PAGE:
In its decision the appeal court noted the sole question was whether Ross’ cognitive deficit was an injury caused by an accident arising out of and in the course of his employment.

The court noted the decision of the appeals tribunal was unique because it represented the first time in Nova Scotia the tribunal had awarded compensation to a worker for an injury, a lack of sleep leading to disabling symptoms, occurring off duty on the employee’s own time and away from the work site. Shift work, which probably caused unnecessary harm in the workplace, must be included, as the appellant conceded, in the whole bundle of circumstances that may be described as working conditions. The court then examined the appeals tribunal’s decision and, in particular, the tribunal’s application of the Durnford decision noted above.

In Durnford the worker was employed as a blackjack dealer and supervisor in the Halifax casino when she developed lateral epicondylitis, commonly known as tennis elbow. She had no symptoms of tennis elbow prior to beginning work but developed them within six months. She was a blackjack dealer, which involved moving her arm across her body to deal out cards up to 1,500 times per hour. Her employer’s position was that dealing blackjack does not involve sufficient force to cause a retentive strain injury.

The opinion and evidence of medical experts was divided as to the cause of the injury. The tribunal, overturning the board decision, found a causal connection between dealing blackjack in the course of her employment and the disablement she suffered. In dismissing the appeal, the Nova Scotia Court of Appeal was of the view that the worker established that the requirements of her occupation as a blackjack dealer, which occurred at the work site during working hours, caused her “disablement… arising out of and in the course of employment.”

The Durnford case stands for the proposition, among others, that when symptoms severe enough to cause disablement arise out of and in the course of employment, causation is established for the purposes of the act.

The appeal court held the appeals tribunal had erred in interpreting Durnford to stand for a much broader proposition than the court had allowed. The appeal court allowed Michelin’s appeal and set aside the award of compensation to Ross.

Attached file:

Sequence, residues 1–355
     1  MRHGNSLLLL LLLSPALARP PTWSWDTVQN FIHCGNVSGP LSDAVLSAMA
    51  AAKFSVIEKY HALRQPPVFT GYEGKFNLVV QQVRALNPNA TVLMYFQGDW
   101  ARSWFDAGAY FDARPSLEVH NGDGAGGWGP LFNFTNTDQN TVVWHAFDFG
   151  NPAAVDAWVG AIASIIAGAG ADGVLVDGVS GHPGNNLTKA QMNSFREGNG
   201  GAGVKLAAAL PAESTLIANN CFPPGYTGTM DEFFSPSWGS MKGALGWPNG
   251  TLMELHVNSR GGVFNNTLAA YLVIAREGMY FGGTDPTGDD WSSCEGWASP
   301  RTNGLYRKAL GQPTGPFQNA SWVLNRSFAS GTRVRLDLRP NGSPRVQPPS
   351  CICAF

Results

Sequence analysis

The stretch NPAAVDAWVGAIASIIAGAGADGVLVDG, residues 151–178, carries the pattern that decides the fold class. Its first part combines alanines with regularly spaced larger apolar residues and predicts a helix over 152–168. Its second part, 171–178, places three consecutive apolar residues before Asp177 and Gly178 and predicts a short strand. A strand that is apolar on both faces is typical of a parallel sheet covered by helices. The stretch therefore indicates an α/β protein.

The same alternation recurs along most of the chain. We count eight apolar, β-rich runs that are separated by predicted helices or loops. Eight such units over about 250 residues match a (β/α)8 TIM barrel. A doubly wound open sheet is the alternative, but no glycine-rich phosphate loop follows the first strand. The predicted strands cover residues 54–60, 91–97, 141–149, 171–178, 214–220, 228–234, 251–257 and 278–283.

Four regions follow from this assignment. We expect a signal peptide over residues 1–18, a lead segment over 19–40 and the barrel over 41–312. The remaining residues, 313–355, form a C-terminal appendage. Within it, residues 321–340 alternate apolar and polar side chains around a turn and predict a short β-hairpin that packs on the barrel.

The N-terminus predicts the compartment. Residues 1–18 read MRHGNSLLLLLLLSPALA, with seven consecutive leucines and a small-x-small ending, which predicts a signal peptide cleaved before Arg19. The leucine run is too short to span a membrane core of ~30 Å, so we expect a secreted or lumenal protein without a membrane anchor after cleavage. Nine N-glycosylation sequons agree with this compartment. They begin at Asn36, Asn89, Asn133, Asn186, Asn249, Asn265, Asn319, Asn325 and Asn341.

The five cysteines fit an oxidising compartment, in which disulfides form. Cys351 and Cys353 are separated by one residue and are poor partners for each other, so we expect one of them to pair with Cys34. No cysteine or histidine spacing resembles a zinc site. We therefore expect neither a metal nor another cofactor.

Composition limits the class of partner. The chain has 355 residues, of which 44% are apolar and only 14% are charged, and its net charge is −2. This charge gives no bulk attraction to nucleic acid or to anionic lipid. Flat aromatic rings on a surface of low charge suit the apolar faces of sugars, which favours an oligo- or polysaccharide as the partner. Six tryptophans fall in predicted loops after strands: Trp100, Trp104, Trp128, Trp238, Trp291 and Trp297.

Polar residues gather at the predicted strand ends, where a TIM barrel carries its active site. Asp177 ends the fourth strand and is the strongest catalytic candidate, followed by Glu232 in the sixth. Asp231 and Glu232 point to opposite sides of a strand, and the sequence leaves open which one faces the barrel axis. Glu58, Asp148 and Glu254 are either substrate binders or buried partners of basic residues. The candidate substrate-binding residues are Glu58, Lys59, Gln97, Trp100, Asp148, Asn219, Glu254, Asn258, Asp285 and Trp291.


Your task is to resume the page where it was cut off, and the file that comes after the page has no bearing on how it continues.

In rendering its decision, the appeal court noted the tribunal confused the manifestation of symptoms while at work with the requirement that the disablement arise out of and in the course of employment. Ross’ cognitive deficit was a result of shift work maladaptation syndrome arising from his natural and innate intolerance of the conflict between his personal sleep and wake pattern and the need to work at a time when his sleep and wake cycle would naturally be in a sleep phase.

The court noted this intolerance was, as the tribunal found, a personal characteristic inherent to the person. Unlike Durnford there was no evidence this condition was either caused or aggravated by the requirements of the job.

As the appeal court held, it could not be said that simply because the condition manifests itself at work the condition or its symptoms then arise out of the course of employment.

Educate staff about shift work

It appears the appeal court has adopted the better view that the worker’s inability to tolerate disruptions to his regular sleep cycle was a natural condition that pre-existed work and was not caused by Ross having to work shift work. Therefore the disablement at issue here was pre-existing and did not arise out of employment.

It is not yet known whether Ross will appeal this decision further to the Supreme Court of Canada. For the time being, the typical impacts of shift work, such as the disturbance in regular sleep patterns and lingering tiredness, are not likely to be considered a compensable injury under workers’ compensation legislation.

Despite this decision, the effect of shift work on workers is still a significant issue for employers. To minimize workplace accidents and injuries, employers should ensure workers are properly educated regarding the effects of shift work. Employers should also take precautions, such as Michelin did, to minimize these effects. While the tiredness that shift work causes may not be a compensable injury in and of itself, it may contribute to a further accident and injury which could have been prevented through such measures.

For more information see:

Metropolitan Entertainment Group v. Durnford, et al. (2000), 188 N.S.R. (2d) 318 (N.S. C.A.).

Michelin North America (Canada) Inc. v. Ross, 2002 CarswellNS 522 (N.S. C.A.).

This in-depth look at workers’ compensation was provided by Joe Morrison, a lawyer with Goodmans LLP in Toronto. He can be reached at (416) 597-4203 or jmorrison@goodmans.ca.